IF you ever needed to know how much winning an Ulster Club title means to the players of St. Joseph’s, Craigbane, look no further than Cathal O’Kane.
Michael Wilson reports
Twenty-seven minutes into last Saturday’s Intermediate final against Armagh’s Culloville at Healy Park Omagh, the 26-year old half-forward suffered a broken jaw following a challenge that saw Colm Watters sent off for a second bookable offence. O’Kane played on.
In fact, it was not until the celebrations following what was the club’s second Provincial victory had died down on Tuesday morning that O’Kane finally succumbed to the pain and admitted himself to Altnagelvin hospital. X-rays confirmed the break and the former St. Columb’s College student underwent an operation on Wednesday morning to have a steel plate inserted.
That’s how much the Ulster title means in Craigbane!
“I knew straight away there was something wrong,” admits the Axa Insurance employee.
“My jaw was very sore but I wanted to play on. There was no way I wanted to come off. It was a high tackle and might have been a straight red but the adrenaline probably got me through it.
“I remember the incident well. I had the ball and think I misplaced a touch slightly but I could see the Culloville player coming out of the corner of my eye. I managed to get to the ball first and flick it to Marty McGinty and the Culloville man caught me with his elbow.
“I knew right away I might be in trouble and it took me a few minutes to get myself sorted but I was able to get a bit of movement in it and there was no way I was going off. Our physio and referee both asked me if I needed to come off but that was not in my mind.
“It was very painful afterwards and for the next couple of days I could not really eat or chew properly. There’s no doubt had the game been a league game I probably would have gone off because I knew I wasn’t 100%.”
So does the former Derry All Ireland winning minor panellist regret his decision to play on?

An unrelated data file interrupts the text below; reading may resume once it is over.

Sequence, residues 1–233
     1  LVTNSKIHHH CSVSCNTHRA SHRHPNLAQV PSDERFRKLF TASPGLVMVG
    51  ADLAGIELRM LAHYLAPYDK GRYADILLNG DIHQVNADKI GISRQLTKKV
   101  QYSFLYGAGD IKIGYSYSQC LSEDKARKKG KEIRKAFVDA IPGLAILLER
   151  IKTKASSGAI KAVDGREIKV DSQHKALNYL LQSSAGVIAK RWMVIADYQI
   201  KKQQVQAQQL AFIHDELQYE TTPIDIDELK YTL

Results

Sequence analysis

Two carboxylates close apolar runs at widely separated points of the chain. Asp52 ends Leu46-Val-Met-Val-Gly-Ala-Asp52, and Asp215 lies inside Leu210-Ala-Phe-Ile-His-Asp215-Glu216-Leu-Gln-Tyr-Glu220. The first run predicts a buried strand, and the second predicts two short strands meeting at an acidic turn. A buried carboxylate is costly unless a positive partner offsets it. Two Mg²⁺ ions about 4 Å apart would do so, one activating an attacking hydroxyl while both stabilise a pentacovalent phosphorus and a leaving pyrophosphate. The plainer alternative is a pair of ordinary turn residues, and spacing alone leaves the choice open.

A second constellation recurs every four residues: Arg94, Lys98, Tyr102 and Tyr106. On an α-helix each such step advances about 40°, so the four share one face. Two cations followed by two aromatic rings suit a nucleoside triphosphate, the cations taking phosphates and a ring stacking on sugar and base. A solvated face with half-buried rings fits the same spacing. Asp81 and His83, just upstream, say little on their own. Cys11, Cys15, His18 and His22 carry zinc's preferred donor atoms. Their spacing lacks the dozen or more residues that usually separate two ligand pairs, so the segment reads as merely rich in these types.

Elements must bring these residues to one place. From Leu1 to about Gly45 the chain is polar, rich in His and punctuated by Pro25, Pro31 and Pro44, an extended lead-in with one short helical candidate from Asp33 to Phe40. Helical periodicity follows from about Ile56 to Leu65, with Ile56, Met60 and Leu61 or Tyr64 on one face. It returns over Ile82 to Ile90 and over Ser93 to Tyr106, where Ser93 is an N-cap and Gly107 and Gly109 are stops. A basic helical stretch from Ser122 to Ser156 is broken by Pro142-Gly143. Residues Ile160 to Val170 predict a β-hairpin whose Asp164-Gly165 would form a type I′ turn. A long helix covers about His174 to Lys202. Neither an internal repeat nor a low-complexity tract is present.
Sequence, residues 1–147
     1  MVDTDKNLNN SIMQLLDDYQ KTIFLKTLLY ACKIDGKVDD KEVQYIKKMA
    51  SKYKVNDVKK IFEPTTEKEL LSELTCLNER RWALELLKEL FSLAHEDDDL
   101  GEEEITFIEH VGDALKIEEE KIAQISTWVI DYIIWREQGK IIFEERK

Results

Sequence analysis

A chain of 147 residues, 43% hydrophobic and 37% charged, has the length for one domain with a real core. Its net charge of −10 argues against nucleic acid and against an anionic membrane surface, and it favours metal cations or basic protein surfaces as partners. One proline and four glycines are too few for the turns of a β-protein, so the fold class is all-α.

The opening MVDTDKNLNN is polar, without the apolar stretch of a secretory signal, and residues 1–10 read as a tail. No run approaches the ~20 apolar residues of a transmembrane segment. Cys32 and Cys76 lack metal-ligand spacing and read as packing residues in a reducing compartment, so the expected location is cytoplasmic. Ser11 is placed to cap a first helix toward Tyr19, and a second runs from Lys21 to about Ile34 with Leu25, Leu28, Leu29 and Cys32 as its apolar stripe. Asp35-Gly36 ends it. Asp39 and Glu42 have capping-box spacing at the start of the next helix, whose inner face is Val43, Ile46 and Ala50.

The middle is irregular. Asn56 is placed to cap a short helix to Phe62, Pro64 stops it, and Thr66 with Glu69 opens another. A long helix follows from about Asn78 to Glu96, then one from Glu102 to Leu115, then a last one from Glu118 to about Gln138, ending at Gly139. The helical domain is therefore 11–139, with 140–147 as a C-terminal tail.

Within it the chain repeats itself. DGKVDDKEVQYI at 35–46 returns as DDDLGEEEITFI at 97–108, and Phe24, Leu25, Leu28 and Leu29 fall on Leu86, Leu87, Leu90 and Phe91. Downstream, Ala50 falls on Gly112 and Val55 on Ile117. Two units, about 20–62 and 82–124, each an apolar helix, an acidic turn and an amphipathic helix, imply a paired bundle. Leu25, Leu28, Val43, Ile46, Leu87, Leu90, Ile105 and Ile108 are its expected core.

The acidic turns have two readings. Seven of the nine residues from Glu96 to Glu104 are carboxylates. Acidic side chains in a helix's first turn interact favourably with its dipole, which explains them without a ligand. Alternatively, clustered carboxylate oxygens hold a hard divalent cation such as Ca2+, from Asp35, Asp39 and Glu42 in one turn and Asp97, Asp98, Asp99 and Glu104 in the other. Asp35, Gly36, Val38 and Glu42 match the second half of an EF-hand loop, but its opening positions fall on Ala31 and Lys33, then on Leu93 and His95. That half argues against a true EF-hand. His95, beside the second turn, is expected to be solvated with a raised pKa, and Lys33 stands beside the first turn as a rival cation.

“I’m on painkillers but it has not been as sore since I had the operation on Wednesday morning. It’s still very swollen but the adrenalin of the occasion must have carried me through.
“I will be back in hospital next Thursday to have another x-ray and I have not really been able to eat much more than soup so far but I don’t regret playing on for one second. There was no way I was coming off.
“The celebrations were fantastic. I think the whole of Craigbane were back in the clubhouse after the game.”
Saturday was O’Kane’s second Ulster Intermediate club medal after he appeared as a substitute in the ‘Lily Whites’ 2001 win over Monaghan champions Inniskeen.
“I was 16 back in 2001 and came on as a sub in the first Ulster win but yes, we had a really good team that year and were a bit disappointed we never got a chance to go on and compete for an All Ireland so our aim this year is to go all the way.
“I have only been chatting to a few of the lads since discovering that it was broken but they have been asking how I was and I suppose - if there is such a thing - the injury came at a good time because I have a few weeks to recover.”
The Ulster victory caps what has been a dream season for Craigbane who must be strong favourites for the ‘Club of the Year’ title having won both the Derry and Ulster Championship titles and clinched promotion to senior football as well as officially opening a new £500,000 sports pavilion at the club.
“All year we have had a great belief in ourselves and what we were trying to do. We never panicked even though there were times we were under pressure. The Drumsurn game in the county championship was a big turning point for us with the way we came back. That was probably when we started thinking we could win it. We couldn’t have had a better season.
“The lads will have a week or two off now but then it will be about preparing for the All Ireland semi-final. By the time the semi-final comes around most of the other teams will be back in pre-season for next year so we will probably have an almost continuous season but we’re not complaining about it and we’re looking forward to senior football.”
David Lowry picked up broken ribs in the final and must be considered doubtful for the All Ireland semi-final in January but O’Kane, who scored a point despite his injury, is determined to be ready.
“I did get a point myself which put us into the lead at the time and it was great to get a score in an Ulster final but the most important thing was getting the win.
“I can talk freely with the plate in but I’m still very conscious of the fact it’s there. The doctors have said hopefully four to six weeks will see it sorted but I’m determined to be ready for the semi-final, whoever we get.
“It doesn’t really matter who we are up against because at this stage you are never going to know a lot about your opposition. It is always going to be a bit of unknown territory but our confidence is high and we won’t fear anyone,” added O’Kane.